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Manufacturers Index - Frederick Town & Sons
Last Modified: Feb 3 2019 3:51PM by Jeff_Joslin
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Frederick Town & Sons, of Halifax, England, was established in 1903. In 1914 they opened a new factory, the Mile Cross Works, for building radial drilling machines. They were also making gear cutting machinery among other machine tool products. By 1961 they had become Frederick Town & Sons, Ltd. Their machines have the name "Town" cast into them and some machine have no other identifying markings.

In 1962 Frederick Town & Sons, Ltd., merged with the Yorkshire lathe maker Woodhouse & Mitchell to create Town Woodhouse Ltd. By 1963 they were part of the Ward Group, which was descended from machine tool maker T. W. Ward Ltd.

Information Sources

  • Grace's Guide page on Frederick Town and Sons.
  • From the 1957-11-29 Machinery.

    Fredk. Town Works Extensions—Established in 1903 by the late Mr. Frederick Town and his eldest son, William, the firm now known as Fredk. Town & Sons, Ltd., Mile Cross Engineering Works, Halifax, is still concentrating on the manufacture of radial and vertical drilling machines. The founders were later joined by four other sons, and a daughter who became secretary of the company. For some years the works were situated in Brunswick Street, and the company moved in 1914 to a new building, on the present site, specially designed for drilling machine production. A foundry was added close to the main works in 1923, two years before Mr. Fredk. Town died.

    In 1943 the business was converted into a limited company having previously been run by members of the family as a private partnership. Another change came in 1954 when the whole of the share capital was purchased by Thos. W. Ward, Ltd., Albion Works, Sheffield, and Mr. Eric Town, a grandson of Mr. Fredk. Town, who had joined the firm in 1929, was appointed a director and general manager in charge of the company, with Mr. H. Vernon (chairman) and Mr. G. S. Wood, as co-directors. Under the new owners a policy of expansion and modernization was initiated, and new extensions have now been completed which have increased the machine shop floor area from 120 ft. sq. to 200 by 120 ft. Part of the additional space is occupied by a new stores and sub-assembly section. A new heating system has also been provided, comprising a Cochran automatically-fired, high-pressure, hot water boiler, and overheat radiator panels for the works and foundry. Among the new machine tool plant recently installed we note a Sift-Summerskill 18- by f-ft. square all-electric planing machine, a Precimax 10- by 100-in. plain cylindrical grinding machine, a Pfauter spline hobbing machine, and a Rapidor sawing machine.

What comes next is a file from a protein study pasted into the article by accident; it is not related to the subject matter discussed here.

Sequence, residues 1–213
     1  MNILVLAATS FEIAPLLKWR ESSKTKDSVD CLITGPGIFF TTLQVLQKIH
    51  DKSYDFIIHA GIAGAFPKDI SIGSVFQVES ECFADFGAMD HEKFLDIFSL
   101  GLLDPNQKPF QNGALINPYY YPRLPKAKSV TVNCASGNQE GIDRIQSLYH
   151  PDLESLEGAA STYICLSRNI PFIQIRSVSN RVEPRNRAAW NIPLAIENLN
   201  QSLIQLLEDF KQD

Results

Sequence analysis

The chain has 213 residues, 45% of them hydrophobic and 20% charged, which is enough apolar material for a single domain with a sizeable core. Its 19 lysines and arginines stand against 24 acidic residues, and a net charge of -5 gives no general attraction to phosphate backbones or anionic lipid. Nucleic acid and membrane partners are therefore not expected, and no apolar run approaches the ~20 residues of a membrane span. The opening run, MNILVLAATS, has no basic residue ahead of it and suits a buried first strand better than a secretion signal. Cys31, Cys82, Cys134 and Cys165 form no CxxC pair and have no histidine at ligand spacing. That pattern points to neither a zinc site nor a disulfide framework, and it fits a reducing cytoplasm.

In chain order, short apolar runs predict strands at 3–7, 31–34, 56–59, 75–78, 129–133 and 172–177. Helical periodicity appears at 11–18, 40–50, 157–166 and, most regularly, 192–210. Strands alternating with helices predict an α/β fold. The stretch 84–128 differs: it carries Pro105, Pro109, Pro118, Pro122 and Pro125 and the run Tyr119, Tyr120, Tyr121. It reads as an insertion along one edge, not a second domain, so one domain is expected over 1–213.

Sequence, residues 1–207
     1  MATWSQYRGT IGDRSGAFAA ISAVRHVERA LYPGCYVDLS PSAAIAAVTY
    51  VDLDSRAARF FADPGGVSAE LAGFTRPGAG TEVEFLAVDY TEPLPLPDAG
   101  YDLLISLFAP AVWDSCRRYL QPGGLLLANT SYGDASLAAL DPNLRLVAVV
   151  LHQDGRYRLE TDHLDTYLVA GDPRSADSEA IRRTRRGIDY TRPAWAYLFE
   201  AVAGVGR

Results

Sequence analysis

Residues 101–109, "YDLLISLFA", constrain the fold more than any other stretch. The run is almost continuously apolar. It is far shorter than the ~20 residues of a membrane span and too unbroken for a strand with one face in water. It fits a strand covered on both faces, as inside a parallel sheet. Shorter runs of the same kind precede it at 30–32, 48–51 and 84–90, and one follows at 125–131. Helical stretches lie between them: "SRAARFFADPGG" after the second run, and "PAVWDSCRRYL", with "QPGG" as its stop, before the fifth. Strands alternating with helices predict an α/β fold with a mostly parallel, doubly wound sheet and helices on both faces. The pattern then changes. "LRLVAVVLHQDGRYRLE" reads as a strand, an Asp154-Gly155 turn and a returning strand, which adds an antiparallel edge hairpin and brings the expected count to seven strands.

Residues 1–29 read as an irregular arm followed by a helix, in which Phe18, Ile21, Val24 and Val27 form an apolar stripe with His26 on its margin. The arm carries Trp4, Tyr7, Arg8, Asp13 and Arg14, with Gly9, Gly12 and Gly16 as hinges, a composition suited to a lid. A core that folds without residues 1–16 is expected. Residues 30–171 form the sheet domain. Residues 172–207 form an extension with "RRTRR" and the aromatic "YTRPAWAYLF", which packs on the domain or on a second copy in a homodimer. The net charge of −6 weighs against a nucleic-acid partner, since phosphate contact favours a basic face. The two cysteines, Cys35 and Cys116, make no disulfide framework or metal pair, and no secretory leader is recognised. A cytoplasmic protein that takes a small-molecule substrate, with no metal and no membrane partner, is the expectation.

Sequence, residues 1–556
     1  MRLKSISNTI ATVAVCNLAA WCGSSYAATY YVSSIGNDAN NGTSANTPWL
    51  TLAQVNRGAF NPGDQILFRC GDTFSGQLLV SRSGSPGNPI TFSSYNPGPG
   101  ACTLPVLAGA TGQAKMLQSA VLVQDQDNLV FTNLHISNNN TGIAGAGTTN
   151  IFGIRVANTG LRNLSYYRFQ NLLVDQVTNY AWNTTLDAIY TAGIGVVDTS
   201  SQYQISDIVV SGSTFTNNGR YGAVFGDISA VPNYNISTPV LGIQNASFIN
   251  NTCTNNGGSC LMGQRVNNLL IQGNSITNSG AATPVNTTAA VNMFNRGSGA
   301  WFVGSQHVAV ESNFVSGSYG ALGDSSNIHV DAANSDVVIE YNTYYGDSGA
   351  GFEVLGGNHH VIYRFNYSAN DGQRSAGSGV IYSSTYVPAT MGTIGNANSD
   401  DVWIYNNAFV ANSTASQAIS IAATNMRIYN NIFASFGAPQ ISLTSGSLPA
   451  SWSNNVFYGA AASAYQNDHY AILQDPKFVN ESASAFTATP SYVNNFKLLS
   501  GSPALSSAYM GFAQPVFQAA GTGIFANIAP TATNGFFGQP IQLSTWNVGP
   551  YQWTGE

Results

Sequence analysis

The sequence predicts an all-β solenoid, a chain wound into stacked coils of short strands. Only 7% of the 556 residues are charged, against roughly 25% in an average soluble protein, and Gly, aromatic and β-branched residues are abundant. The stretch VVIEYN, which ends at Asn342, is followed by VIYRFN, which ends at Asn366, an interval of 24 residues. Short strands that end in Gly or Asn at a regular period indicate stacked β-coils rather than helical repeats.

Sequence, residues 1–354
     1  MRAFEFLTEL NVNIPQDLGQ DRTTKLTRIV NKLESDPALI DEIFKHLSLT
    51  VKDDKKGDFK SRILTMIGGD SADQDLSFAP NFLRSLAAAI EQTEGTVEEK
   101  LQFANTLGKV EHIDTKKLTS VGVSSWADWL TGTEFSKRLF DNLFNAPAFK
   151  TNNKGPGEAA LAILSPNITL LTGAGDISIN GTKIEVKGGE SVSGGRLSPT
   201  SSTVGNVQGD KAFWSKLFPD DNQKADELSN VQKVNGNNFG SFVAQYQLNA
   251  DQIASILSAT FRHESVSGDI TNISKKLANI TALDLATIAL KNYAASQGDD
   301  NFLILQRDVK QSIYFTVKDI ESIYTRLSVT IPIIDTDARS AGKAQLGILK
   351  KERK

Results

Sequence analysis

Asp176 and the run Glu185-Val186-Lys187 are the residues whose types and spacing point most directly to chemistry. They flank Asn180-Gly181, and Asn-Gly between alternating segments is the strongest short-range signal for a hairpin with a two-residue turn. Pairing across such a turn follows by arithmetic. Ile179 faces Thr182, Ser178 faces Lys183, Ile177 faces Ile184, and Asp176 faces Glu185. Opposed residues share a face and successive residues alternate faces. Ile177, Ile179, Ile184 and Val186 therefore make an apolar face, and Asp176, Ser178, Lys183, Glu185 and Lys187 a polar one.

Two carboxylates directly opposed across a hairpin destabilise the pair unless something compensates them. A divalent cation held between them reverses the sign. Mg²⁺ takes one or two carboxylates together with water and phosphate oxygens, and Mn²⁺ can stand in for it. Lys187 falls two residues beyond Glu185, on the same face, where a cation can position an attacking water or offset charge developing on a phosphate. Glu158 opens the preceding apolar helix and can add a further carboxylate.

The works are at present fully occupied, and have orders on hand for the next 12 to 14 months. Approximately 65 per cent of the output is destined for export, the principal markets being Canada, the U.S.A., South Africa and Australia. The current range of products comprises radial drilling machines, of various types, from 36 to 96 in. radius, and box-body vertical drilling machines, of 30-, 36-, and 42-inch capacities. Representatives of the technical press were recently awarded the opportunity of inspecting the machine shop, pattern shop and foundry, and were entertained by the company.`"

  • From the 1999 book, Halifax, by John Andrew Hargreaves. "...and Frederick Town and Sons Ltd, founded in 1903, which opened a new purpose-built factory for the specialist production of radial drills at Mile Cross in 1914."
  • National Archives web page lists a "Plan of the Mile Cross Works, Halifax, belonging to Frederick Town and Sons Ltd., manufacturers of radial drilling machines, gear cutters, engineers' and machine tools", dated 1916.